The curve marked comparative curve A is the dark decay curve obtained as hereinabove described on a recording member made with the same paper base as used in the examples having the same top coat and having a pre-coat which differs from that employed in Example II only in the elimination of the dimethylol-trimethylol-rnelamine and the polyvinyl acetate copolymer from the formulation for the precoat of Example II. In other words, the pre-coat of the recording member, the dark decay characteristics of which are shown by curve A, differs from that of Example II in that the precoat consists of polyvinyl alcohol alone (applied in a water solution having a concentration of about 6.5%) and not the reaction product of polyvinyl alcohol and dimethylol-trimethylol-melamine.

The curve marked comparative curve B is a dark decay curve of an electrophotographic recording member made with the same paper substrate, having a photo-conductive layer of the same composition, and produced in the same manner as the examples, differing from the recording members of the examples only in the elimination of the pre-coat. Such electrophotographic recording elements are typical of present available commercial products.

The marked improvement in charge receptivity and dark decay characteristics of the electrophotographic recording members of this invention as compared with heretofore known recording members is evident from a comparison of the curves of FIGURE 2. Note that the saturation level of the recording members of this invention when exposed to a corona discharge connected to a 6200 volt D.C. source of a negative potential with respect to ground, is from 600 to 800 volts whereas the saturation level of the comparative products A and B are appreciably less, to wit, of the order of 400 to 450 volts. More important, note the marked and surprising difference in dark decay properties. In the case of comparative product B, which is typical of currently known commercial electrophotographic recording members having the photo-conductive insulating layer consisting of silicone resin and zinc oxide photo-conductor FORMULATION 2 Dimethyl-trimethylol-melamine 1.0-3 .0 Water 65.0-86.0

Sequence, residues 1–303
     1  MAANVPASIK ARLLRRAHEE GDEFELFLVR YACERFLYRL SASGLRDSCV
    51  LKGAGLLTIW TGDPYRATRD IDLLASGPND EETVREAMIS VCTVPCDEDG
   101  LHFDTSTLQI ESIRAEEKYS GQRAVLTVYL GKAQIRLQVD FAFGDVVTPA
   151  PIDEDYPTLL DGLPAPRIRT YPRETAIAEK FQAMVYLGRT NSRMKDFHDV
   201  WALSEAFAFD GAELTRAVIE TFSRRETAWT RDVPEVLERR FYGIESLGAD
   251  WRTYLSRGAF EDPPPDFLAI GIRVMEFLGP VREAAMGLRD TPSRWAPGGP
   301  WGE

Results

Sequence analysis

Water 75.085.0

Styrene or ethylene maleic anhydride copolymers 2.57.0

FORMULATION 4 Dimethyl-trimethylol-melarnine 1.0-3.0

Water 75.085.0 Crotoni c acid vinyl acetate copolymer 2.5-7.0 Polyvinyl acetate 5.0-l10.0

The following examples are given to illustrate preferred embodiments of processes for producing recording members embodying this invention. It will be understood this invention is not limited to these examples.

In these examples all percentages are given on a weight basis; temperatures are given in degrees F. In all exampics the substrate is a commercial bleached sulfite paper.

Example I The pre-coat formulation is: Percent Dimethyl-trimethylol-melamine resin precondensate (Parez 613) 13.5 Water 70.5 Ammonium hydroxide 0.5 Styrene-hexyl acrylate-acrylonitrile-methacrylic acid (Lytron 680) 16.0

The dimethyl-trimethylol-melamine resin is dissolved in the water. The ammonium hydroxide is then added; it serves as a stabilizing agent to prevent the premature reaction between the resin with the styrene-hexyl aorylateacrylonitrile-methacrylic acid polymeric material, which is thereafter added as a latex or dispersion. The mixture is stirred until it is homogeneous requiring about 5 to 7 minutes. The ratio of aminoplast solids to solid carboxylate inter-polymer in the resultant dispersion is 1 to 1.20; the pre-coat dispersion has a viscosity of 16-20 .centipoise at room temperature.

The dispersion is coated on a continuous web of the paper substrate at a rate which gives a final dry coating weight of 5 lbs. per 3,000 sq. ft. through a forced hot air drying chamber maintained at 35 0 E, the residence time in this oven is about 1 minute. During this time the resin and polymer react and are cured into a continuous uniform film securely bonded to the paper.

Over the pre-coat layer is next applied the photo-conductive layer having the following composition:

Percent Zinc oxide, Florence Green Seal (mfg. by the New Jersey Zinc Co.) 34.5 Toluene 38.8 Silicone resin solution Sr-82 (mfg. by the General Electric Co.) 27.5

The silicone resin is mixed with a portion of the toluene until it is completely dissolved. The remainder of the solvent is added gradually while stirring the batch. Once the zinc oxide is uniformly dispersed and the mixture is homogeneous, which may require from 2-24 hours ball milling, the solution is applied at room temperature to the pre-coated side of the paper to yield a final dry coating weight of 20 lbs. per 3,000 sq. ft. The thus coated paper is passed through a forced hot air drying chamber which is maintained at a temperature in the range of 200 F. to 250 F. in order to remove the volatiles (elfected in The coated web is passed a about 1 minute) and to lay down a uniform photo-con ductive layer.

Example II The pre-coa-t formulation is: Percent Dimethyl-trimethy-lol-melamine 1.6 Water 85.5

Polyvinyl alcohol Evanol 51-05 mfg. by Du Pont) 6.5 Polyvinyl acetate-copolymer (DarexaEverflex A mfg. by Dewey and Almy Co.) 6.5